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Biodefluorination and biotransformation of fluorotelomer alcohols by two alkane-degrading Pseudomonas strains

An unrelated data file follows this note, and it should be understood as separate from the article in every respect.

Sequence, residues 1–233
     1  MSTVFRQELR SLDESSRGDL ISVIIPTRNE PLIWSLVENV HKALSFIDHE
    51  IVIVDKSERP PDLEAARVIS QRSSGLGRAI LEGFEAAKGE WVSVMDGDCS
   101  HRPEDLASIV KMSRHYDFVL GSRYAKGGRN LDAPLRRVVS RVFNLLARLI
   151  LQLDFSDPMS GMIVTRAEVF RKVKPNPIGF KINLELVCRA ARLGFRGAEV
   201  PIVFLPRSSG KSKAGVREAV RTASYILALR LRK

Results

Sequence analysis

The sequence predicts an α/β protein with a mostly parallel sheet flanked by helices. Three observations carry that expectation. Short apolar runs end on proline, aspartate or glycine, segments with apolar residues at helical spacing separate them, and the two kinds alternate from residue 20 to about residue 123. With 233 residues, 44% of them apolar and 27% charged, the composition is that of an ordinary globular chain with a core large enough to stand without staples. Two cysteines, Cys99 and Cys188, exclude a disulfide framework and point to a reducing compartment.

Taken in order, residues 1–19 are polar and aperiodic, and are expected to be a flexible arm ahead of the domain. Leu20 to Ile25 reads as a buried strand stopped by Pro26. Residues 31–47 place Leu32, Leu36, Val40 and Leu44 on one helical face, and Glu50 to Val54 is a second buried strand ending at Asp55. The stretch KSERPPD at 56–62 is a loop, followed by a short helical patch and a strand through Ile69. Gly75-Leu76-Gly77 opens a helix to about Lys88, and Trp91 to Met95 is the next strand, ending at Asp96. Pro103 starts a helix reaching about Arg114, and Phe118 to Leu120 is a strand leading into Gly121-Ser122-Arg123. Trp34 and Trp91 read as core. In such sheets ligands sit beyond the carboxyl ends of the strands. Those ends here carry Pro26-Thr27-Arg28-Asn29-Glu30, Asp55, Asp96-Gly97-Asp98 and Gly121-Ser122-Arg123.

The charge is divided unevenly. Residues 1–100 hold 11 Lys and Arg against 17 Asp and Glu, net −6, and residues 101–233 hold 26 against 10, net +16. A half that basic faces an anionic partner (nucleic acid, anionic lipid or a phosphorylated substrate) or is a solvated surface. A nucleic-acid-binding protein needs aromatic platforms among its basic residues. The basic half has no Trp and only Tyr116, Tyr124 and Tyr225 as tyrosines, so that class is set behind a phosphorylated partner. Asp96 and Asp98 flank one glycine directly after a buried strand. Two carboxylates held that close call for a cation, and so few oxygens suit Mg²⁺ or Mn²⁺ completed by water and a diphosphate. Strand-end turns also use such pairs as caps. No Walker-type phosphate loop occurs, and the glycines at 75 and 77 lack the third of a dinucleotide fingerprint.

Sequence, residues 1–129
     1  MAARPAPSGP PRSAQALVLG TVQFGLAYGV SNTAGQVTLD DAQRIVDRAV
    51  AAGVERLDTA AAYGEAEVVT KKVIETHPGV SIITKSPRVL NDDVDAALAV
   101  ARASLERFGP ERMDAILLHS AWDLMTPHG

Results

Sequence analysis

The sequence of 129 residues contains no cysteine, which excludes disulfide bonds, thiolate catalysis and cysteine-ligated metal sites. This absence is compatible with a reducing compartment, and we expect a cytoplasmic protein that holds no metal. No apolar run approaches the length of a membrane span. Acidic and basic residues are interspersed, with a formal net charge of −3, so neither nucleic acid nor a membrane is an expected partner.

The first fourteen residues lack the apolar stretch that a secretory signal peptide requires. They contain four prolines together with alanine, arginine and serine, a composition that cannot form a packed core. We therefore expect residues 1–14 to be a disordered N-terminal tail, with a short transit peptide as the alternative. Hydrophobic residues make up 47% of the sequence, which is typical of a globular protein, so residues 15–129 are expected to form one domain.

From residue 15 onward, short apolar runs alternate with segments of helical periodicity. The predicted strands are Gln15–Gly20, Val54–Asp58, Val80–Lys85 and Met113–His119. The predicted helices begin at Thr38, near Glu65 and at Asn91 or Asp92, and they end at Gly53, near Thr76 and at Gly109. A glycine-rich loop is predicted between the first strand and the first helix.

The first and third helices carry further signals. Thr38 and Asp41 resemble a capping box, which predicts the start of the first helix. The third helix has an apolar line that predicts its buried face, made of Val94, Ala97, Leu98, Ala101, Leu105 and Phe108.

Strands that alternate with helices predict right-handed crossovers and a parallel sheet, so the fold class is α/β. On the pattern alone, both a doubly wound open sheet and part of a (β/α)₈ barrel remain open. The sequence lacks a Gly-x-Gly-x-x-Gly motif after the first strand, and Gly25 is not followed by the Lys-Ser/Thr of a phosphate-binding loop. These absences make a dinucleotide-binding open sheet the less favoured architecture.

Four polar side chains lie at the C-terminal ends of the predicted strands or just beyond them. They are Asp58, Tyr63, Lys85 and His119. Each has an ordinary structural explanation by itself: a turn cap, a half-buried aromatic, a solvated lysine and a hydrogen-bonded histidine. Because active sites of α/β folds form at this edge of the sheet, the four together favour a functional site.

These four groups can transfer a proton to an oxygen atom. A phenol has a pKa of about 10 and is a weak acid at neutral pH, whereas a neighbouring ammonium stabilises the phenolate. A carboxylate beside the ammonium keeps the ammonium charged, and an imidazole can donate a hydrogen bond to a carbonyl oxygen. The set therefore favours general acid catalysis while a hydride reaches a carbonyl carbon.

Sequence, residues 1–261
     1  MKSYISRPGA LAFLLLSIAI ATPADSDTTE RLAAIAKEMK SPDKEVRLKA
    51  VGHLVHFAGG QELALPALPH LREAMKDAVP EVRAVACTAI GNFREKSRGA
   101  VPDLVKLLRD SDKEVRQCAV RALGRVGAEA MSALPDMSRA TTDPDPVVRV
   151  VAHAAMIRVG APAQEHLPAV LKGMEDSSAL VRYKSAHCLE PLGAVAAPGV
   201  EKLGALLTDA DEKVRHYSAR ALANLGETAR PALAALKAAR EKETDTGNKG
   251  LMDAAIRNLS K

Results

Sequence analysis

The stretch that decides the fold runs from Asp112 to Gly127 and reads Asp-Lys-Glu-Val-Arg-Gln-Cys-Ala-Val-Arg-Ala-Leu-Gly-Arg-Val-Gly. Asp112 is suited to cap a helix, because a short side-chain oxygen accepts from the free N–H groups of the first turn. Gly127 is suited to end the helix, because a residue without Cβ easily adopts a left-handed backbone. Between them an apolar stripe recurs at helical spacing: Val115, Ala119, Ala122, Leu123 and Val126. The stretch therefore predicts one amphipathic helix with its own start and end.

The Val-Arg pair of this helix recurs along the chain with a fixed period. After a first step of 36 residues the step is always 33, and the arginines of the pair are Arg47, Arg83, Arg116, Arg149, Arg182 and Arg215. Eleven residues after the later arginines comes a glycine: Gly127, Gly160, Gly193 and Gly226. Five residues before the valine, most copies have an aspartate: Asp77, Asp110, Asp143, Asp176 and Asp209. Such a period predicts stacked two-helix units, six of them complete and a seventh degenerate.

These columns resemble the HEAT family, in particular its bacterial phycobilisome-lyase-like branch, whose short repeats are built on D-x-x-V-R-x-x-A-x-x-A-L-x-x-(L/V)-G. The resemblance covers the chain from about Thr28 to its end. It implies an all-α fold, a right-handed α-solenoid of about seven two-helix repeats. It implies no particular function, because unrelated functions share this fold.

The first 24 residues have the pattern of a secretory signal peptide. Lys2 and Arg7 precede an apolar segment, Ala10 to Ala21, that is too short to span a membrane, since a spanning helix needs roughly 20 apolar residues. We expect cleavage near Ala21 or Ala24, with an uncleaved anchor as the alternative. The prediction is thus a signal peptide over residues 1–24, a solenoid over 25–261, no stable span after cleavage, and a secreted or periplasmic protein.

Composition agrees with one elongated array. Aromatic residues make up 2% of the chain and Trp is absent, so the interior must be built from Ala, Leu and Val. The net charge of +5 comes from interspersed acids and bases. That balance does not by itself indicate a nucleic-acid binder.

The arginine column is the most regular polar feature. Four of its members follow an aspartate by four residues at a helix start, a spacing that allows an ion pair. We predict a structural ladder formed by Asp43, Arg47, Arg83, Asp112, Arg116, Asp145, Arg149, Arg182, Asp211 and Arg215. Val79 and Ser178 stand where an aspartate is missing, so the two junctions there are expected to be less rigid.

Fluorotelomer alcohols [FTOHs, F(CF2)nCH2CH2OH, n = 4, 6, and 8] are emerging environmental contaminants. Biotransformation of FTOHs by mixed bacterial cultures has been reported; however, little is known about the microorganisms responsible for the biotransformation. Here we reported biotransformation of FTOHs by two well-studied Pseudomonas strains: Pseudomonas butanovora (butane oxidizer) and Pseudomonas oleovorans (octane oxidizer). Both strains could defluorinate 4:2, 6:2, and 8:2 FTOHs, with a higher degree of defluorination for 4:2 FTOH. According to the identified metabolites, P. oleovorans transformed FTOHs via two pathways I and II. The pathway I led to the production of x:2 ketone [dominant metabolite, F(CF2)xC(O)CH3; x = n − 1, n = 6 or 8], x:2 sFTOH [F(CF2)xCH(OH)CH3], and perfluorinated carboxylic acids (PFCAs, perfluorohexanoic, or perfluorooctanoic acid). The pathway II resulted in the formation of x:3 polyfluorinated acid [F(CF2)xCH2CH2COOH] and relatively minor shorter-chain PFCAs (perfluorobutyric or perfluorohexanoic acid). Conversely, P. butanovora transformed FTOHs by using the pathway I, leading to the production of x:2 ketone, x:2 sFTOH, and PFCAs. This is the first study to show that individual bacterium can bio-transform FTOHs via different or preferred transformation pathways to remove multiple [BOND]CF2[BOND] groups from FTOHs to form shorter-chain PFCAs. Biotechnol. Bioeng. 2012; 109: 3041–3048. © 2012 Wiley Periodicals, Inc.

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